Stocks tumbled Thursday after a stronger-than-expected U.S. gross domestic product report showed that final third-quarter growth came in at 3.2% against a consensus estimate of 2.9%.The SPDR S&P 500 ETF Trust SPY was trading down 1.28% after the open Thursday. What Happened: The Federal Reserve's preferred inflation measure, the personal consumption expenditures index, was revised from 4.6% to 4.7% for the third quarter, indicating that inflation pressures aren't subsiding — meaning the Fed will likely will not be lowering interest rates into 2023, despite investor sentiment.'Real GDP turned up in the third quarter, increasing 3.2 percent after decreasing 0.6 percent in the second quarter,' according to the Bureau of Economic Analysis.'The upturn primarily reflected accelerations in nonresidential fixed investment and consumer spending, a smaller decrease in private inventory investment, and upturns in state and local as well as federal government spending that were partly offset by a larger decrease in residential fixed investment.'Futures tied to the Dow Jones Industrial Average fell 226 points or 0.67%. S&P 500 futures declined 0.82%, while Nasdaq-100 index futures were 1.14% lower on receipt of the economic data.'I'm leaning short on the equity markets,' David Tepper, founder of Appaloosa Management, said on CNBC Thursday.'The upside/downside just doesn't make sense to me when I have so many … central banks telling me what they are going to do.'Why It Matters: Last Wednesday, the Federal Open Market Committee voted unanimously to raise the fed funds rate by 0.5% to a new range of between 4.25% and 4.5%.The 0.5% rate hike marks a step down in tightening for the Fed following four consecutive 0.75% hikes, but economists expect the central bank will continue to raise interest rates in early 2023 in its ongoing battle against inflation.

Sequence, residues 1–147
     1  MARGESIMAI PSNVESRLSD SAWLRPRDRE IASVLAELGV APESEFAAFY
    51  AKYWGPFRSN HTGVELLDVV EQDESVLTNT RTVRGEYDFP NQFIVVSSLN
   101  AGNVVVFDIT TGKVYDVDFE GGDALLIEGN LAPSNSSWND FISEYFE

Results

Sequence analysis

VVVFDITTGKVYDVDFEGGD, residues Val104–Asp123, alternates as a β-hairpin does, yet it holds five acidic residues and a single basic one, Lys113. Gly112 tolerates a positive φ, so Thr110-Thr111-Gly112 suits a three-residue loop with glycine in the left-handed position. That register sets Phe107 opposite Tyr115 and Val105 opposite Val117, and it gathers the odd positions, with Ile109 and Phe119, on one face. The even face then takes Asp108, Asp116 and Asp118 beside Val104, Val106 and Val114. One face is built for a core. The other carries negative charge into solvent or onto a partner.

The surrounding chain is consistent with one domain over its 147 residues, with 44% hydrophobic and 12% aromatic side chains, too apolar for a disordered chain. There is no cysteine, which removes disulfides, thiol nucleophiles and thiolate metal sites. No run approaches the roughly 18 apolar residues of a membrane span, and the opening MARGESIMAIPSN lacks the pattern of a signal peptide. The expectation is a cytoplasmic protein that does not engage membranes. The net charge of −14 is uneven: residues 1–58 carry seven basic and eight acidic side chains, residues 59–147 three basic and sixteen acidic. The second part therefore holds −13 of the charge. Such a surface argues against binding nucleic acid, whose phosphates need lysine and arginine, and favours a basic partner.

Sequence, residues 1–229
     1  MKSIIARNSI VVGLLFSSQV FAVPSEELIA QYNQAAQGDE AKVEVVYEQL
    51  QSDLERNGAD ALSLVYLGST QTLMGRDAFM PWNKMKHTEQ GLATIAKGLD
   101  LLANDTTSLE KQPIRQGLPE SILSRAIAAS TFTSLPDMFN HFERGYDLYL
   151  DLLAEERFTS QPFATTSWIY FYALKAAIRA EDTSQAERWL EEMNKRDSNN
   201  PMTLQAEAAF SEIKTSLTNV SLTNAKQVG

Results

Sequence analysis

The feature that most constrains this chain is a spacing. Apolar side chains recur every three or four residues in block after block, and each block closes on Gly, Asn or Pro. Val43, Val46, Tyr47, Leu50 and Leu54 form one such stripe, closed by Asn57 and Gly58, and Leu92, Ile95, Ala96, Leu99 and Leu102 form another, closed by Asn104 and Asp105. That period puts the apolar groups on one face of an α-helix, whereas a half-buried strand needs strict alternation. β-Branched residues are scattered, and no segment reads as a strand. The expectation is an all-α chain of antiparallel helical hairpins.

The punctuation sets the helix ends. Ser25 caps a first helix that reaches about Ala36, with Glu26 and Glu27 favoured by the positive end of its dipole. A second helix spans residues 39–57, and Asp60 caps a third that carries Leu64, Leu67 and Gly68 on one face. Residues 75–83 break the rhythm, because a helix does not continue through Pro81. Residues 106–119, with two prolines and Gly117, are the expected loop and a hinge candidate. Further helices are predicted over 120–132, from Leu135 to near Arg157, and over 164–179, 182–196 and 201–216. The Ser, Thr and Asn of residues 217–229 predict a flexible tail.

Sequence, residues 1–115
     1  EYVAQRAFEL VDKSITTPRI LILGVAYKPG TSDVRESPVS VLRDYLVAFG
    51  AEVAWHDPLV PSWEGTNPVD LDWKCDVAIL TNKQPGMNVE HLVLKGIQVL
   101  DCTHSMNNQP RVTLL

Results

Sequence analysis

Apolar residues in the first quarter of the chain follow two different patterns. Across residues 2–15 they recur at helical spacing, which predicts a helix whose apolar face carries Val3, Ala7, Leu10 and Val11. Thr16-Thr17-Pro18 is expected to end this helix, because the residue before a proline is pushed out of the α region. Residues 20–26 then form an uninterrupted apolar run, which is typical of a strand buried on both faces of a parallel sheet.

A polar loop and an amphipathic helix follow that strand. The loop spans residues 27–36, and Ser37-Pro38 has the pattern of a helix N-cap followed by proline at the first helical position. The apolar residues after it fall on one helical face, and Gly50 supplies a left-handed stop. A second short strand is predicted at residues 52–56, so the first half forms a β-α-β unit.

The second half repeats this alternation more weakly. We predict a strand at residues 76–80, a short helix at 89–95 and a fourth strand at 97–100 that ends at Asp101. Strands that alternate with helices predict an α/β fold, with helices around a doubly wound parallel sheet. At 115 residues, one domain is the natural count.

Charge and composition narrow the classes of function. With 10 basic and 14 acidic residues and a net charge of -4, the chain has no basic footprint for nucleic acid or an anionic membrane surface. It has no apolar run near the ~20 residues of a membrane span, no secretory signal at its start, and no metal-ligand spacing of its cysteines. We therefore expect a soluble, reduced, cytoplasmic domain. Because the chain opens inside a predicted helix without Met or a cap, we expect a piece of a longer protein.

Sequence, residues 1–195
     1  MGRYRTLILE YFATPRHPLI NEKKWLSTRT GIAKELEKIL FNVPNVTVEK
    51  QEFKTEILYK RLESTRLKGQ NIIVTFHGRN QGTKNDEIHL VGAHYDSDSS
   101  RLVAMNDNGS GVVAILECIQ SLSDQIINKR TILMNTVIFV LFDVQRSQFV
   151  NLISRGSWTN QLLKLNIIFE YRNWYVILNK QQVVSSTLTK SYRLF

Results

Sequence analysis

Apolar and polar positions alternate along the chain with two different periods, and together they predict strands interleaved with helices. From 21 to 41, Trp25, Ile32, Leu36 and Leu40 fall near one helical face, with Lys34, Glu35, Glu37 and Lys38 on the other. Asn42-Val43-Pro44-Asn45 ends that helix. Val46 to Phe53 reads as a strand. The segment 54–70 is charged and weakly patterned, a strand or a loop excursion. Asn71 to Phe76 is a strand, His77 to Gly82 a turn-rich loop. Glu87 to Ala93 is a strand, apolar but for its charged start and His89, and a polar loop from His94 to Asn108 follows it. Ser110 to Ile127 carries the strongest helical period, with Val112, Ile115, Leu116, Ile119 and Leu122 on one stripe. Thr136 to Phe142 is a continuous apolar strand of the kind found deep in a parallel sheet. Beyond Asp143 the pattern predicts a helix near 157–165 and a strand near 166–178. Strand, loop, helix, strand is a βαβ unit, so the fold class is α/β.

With Thursday's GDP data, economists are likely to raise their interest rate expectations for the beginning of next year.Read next: AMC Entertainment Stock Is Tumbling: What's Going On?Photo via Shutterstock.